Protecting Children Online

 

The Internet can be a wonderful resource of information, assisting children with their homework and developing their educational skills. Regrettably, a recent University of Boston study showed many children have received unwanted online advances. Giving our children a safe environment to grow up in, starts at the home. Now we have the Internet, extending our homes into the unmoderated vastness of the World Wide Web.

 

Online advances can be received through unsolicited email and unmoderated chat rooms. A chat room is where users “chat” by typing in messages that are displayed on the website (in the chat room). The majority of chat room participants remain anonymous, using an alias or nickname. If your children like to use chat areas, encourage them to stay in the public areas and not to go into the private rooms. Atkidz.com provides a filtered chat room with adult supervision.

 

It is difficult to completely control all Internet activity, but as a parent, you can set guidelines with your children, check computer logs and install software as a safeguard.

 

Probably the easiest thing to do is to put the computer connected to the Internet in a main area of the house that has traffic through it. You also need to talk with your children, let them know that you don’t want them to give out personal identifying information about themselves or their family. If at all possible, sit with your children when they go online. It can be very rewarding.

 

To see what websites have been visited on your computer, you can check the history logs in Internet Explorer. Click in the menubar: View-Explorer Bar-History.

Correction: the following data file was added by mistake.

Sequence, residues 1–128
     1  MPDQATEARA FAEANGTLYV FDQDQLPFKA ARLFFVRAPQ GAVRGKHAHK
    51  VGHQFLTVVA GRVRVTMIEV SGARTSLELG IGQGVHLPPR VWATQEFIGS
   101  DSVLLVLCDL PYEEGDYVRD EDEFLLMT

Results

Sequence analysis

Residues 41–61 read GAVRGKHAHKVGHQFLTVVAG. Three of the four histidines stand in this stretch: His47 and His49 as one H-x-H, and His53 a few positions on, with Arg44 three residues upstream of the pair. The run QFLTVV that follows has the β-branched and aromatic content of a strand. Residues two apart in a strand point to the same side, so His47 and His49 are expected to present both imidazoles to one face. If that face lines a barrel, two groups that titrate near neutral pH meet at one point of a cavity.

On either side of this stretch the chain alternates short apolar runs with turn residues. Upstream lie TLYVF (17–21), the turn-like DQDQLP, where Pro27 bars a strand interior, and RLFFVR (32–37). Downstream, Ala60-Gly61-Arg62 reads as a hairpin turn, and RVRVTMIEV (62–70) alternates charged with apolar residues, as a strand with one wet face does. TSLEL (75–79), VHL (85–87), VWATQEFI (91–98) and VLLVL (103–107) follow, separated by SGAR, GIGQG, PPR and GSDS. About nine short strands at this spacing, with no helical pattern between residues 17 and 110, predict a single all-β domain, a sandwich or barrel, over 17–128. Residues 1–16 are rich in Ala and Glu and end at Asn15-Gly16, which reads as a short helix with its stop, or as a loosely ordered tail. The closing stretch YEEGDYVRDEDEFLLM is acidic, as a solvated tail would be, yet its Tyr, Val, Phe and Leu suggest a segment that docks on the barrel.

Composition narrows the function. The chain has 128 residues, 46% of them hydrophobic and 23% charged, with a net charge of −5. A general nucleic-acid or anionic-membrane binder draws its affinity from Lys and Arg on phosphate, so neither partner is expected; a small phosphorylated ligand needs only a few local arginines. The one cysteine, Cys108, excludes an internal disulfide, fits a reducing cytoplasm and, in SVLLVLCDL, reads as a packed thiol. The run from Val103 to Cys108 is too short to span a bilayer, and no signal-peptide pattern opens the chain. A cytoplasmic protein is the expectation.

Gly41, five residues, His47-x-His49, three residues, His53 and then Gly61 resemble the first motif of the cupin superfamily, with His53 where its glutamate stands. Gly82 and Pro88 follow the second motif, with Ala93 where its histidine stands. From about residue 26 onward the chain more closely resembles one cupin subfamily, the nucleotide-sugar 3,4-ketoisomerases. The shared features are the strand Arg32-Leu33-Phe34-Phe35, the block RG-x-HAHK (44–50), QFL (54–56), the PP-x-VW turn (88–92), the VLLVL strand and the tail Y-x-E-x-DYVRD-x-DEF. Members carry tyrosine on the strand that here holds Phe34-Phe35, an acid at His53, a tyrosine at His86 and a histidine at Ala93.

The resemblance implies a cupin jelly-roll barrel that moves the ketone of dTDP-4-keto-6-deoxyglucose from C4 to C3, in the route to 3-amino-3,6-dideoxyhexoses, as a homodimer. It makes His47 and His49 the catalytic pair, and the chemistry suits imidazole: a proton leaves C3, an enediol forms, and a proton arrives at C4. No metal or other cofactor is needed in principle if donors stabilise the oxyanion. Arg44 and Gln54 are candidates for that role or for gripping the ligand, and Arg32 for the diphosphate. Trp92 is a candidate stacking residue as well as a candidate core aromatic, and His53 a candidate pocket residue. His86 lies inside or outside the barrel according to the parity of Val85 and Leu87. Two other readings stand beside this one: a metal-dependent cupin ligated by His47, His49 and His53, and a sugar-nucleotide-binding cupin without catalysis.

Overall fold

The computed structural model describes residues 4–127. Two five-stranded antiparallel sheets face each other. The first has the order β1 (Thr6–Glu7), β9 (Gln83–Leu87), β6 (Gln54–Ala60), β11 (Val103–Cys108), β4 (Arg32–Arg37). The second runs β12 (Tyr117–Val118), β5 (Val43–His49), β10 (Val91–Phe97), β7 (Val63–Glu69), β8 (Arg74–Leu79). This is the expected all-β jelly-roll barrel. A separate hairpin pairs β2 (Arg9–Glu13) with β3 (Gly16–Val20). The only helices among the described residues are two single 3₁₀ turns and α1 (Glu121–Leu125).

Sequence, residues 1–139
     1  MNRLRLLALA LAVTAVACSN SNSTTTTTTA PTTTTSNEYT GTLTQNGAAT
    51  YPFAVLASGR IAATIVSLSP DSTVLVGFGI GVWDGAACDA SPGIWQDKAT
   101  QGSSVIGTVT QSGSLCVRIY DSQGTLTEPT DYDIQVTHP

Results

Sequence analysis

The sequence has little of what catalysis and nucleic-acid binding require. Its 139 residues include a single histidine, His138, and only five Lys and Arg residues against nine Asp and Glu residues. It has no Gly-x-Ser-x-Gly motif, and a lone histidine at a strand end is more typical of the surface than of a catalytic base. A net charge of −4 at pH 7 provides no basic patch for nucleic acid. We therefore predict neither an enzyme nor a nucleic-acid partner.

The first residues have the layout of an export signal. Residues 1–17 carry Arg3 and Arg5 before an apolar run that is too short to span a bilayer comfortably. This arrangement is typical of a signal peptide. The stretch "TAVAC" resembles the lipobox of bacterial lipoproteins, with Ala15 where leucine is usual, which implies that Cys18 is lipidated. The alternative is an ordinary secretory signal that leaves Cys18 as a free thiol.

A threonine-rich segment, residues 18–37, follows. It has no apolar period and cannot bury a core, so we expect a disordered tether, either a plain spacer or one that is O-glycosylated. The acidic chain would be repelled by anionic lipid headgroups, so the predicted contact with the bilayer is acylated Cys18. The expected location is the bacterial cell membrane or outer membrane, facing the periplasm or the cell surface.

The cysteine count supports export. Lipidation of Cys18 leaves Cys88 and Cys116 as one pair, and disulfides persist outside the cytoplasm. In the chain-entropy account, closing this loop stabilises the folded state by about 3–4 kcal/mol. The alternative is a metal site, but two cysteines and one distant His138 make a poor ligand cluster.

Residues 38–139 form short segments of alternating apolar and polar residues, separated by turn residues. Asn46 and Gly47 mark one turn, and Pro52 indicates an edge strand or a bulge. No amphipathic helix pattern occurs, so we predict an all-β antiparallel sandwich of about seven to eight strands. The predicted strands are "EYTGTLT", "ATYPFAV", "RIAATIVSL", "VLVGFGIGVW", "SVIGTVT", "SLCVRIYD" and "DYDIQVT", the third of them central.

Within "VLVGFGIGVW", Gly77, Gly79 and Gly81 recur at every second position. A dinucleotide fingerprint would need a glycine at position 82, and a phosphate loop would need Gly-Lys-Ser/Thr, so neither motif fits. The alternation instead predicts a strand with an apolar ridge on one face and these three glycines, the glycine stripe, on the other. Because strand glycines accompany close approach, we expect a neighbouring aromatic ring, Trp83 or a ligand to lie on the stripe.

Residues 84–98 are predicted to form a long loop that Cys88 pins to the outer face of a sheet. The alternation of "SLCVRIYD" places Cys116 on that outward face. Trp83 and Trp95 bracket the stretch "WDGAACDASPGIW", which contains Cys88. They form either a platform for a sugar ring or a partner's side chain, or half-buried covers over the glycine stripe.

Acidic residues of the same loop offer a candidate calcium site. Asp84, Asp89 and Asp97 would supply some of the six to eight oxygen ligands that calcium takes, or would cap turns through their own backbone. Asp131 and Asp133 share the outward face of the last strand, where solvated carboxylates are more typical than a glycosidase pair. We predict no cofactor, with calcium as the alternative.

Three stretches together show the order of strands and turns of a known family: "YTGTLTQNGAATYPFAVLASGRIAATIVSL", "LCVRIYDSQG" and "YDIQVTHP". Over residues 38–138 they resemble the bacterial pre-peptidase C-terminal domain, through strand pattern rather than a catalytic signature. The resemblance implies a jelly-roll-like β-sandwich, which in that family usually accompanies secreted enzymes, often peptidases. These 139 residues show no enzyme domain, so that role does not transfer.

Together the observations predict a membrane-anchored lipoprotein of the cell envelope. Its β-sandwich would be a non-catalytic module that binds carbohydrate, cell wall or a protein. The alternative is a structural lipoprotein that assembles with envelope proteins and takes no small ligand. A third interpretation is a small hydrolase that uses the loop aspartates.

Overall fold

There are several kinds of software you can install allowing you to block objectionable material and to track websites that are visited. “Net Nanny” is one of the highest rated applications. They maintain their own database and you can choose which types of material are filtered. “Cyber Patrol” prevents websites from being displayed, has time controls, prevents the posting of personal information and has a search engine with age appropriate content.

 

You can also check with your ISP for a server-based filter. The software is installed on the host server and filters out objectionable websites before they can come through to your computer. Locally, AOL allows you to set controls for different age groups, and MountainAccess.Net has a “Family Values” package with a host based filter.

 

When “Surfing the Net” with your children, try exploratorium.edu. The website is a Museum of Science, Art and Human Perception with interactive exhibits. Netmom.com sells a guide to 3,000 family safe websites and has a link to their top 100 sites online.

 

If you want more information about online child safety, go online to getwise.org. They present details of online problems sorted by age group. They are also an easy starting point for family online activity. They have art, science, musical and educational websites organized by age group from 2 to 17.